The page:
Kilmartin Museum is located in the heart of prehistoric Kilmartin Glen in Argyll. We believe this is the only museum in Scotland that can both excavate and displays the artefacts that we find.
We dig and display so that you can discover the past.
Sir Tony Robinson recognised that Kilmartin Museum was a special and unique place when he visited and made the comment above.
Many of the artefacts found in the Glen and surrounding areas are of international significance, including rare jet necklaces and some of the earliest beaker pots in Britain.
We continue to carry out archaeological surveys and excavations as there is more to be found and uncovered and more to learn about the people who were here before us.
Below are some of the objects that you can see in the museum gallery on your visit here. Please see our redevelopment page for information on our exciting plans for the museum in the future.
Found in Benderloch, near Oban the urn is around 3000 years old and is a remarkable find by a member of the public whilst gardening.
Analysis revealed that the pot had been used initially for cooking food and then finally buried as a cremation urn for a young woman and small child. It is common for pottery vessels to feature in burial rituals and research on the urn gives us some clues to speculate about the use of a pot and about the individuals whose remains it came to house.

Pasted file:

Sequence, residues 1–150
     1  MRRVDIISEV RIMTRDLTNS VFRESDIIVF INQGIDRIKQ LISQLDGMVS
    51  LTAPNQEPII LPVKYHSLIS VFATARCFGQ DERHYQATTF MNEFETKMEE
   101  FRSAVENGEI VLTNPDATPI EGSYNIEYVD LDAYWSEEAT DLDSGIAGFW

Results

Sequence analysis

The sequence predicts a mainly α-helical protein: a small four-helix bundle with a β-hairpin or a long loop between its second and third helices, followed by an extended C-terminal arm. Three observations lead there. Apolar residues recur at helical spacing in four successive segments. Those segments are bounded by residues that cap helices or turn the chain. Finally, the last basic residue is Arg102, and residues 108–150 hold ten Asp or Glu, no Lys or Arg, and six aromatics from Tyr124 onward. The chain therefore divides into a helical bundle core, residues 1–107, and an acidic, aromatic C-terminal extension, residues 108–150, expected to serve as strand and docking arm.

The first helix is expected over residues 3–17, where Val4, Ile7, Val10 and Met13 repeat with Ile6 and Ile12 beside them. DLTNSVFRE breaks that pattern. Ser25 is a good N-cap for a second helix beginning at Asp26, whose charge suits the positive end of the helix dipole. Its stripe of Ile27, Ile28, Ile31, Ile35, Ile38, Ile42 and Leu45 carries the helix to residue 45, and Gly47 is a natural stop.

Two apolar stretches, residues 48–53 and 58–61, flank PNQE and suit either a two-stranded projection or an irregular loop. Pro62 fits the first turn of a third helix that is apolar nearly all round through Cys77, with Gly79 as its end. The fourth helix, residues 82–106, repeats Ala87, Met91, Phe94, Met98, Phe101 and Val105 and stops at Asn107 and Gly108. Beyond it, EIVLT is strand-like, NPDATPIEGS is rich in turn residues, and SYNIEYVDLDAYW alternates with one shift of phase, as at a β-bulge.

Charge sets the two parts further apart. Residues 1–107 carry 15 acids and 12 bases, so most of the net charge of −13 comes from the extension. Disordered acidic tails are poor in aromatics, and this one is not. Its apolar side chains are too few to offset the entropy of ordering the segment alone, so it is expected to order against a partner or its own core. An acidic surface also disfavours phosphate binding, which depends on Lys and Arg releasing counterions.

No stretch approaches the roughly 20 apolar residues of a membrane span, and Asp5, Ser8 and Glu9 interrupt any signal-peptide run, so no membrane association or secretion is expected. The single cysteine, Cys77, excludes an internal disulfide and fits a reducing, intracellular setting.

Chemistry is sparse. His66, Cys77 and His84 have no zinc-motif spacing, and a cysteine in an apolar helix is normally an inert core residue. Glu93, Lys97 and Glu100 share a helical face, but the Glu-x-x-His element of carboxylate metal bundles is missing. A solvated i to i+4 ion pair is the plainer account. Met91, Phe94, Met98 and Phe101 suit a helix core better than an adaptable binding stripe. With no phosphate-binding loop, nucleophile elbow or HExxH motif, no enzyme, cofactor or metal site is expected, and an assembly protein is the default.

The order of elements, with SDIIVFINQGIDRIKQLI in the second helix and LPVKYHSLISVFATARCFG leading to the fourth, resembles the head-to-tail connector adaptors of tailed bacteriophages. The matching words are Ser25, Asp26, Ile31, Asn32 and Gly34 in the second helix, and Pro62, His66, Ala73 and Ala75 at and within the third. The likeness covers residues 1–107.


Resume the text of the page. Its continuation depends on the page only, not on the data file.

The Bronze Age pottery found in Kilmartin Glen is of extraordinary quality and this 3000 year old vessel is no exception.
The decorative techniques seen on the pot which was found in the Glebe Cairn are replicated exactly on pots in Ireland. It features a beautifully decorated base and the lugs or handles on the side imply that it may have been suspended for display. It was discovered beside the skeleton of a woman in 1834.
This remarkably well preserved Neolithic bowl from Nether Largie South Cairn is at least 4500 years old.
It is extremely unusual to find such a large and complete example. It was probably placed inside the cairn as a ritual offering.
This is one of three swords around 2000 years old, found in very dramatic setting, point down in a bog on the nearby Isle of Shuna.
It is believed to have been made in England however moulds for swords from the same period, have also been found on Traprain Law near Edinburgh.
A unique and exceptionally important Bronze Age pot was found in a grave at the Upper Largie gravel quarry site, a stones throw from the museum.
Dr Alison Sheridan from the National Museum of Scotland was so excited by this remarkable find that she gave up a Christmas Day to reconstruct it following excavation. It is an Irish style vessel, but with 4 clay feet which had only ever been found on pottery from Yorkshire. This pot is unique because it brings together styles from both east and west.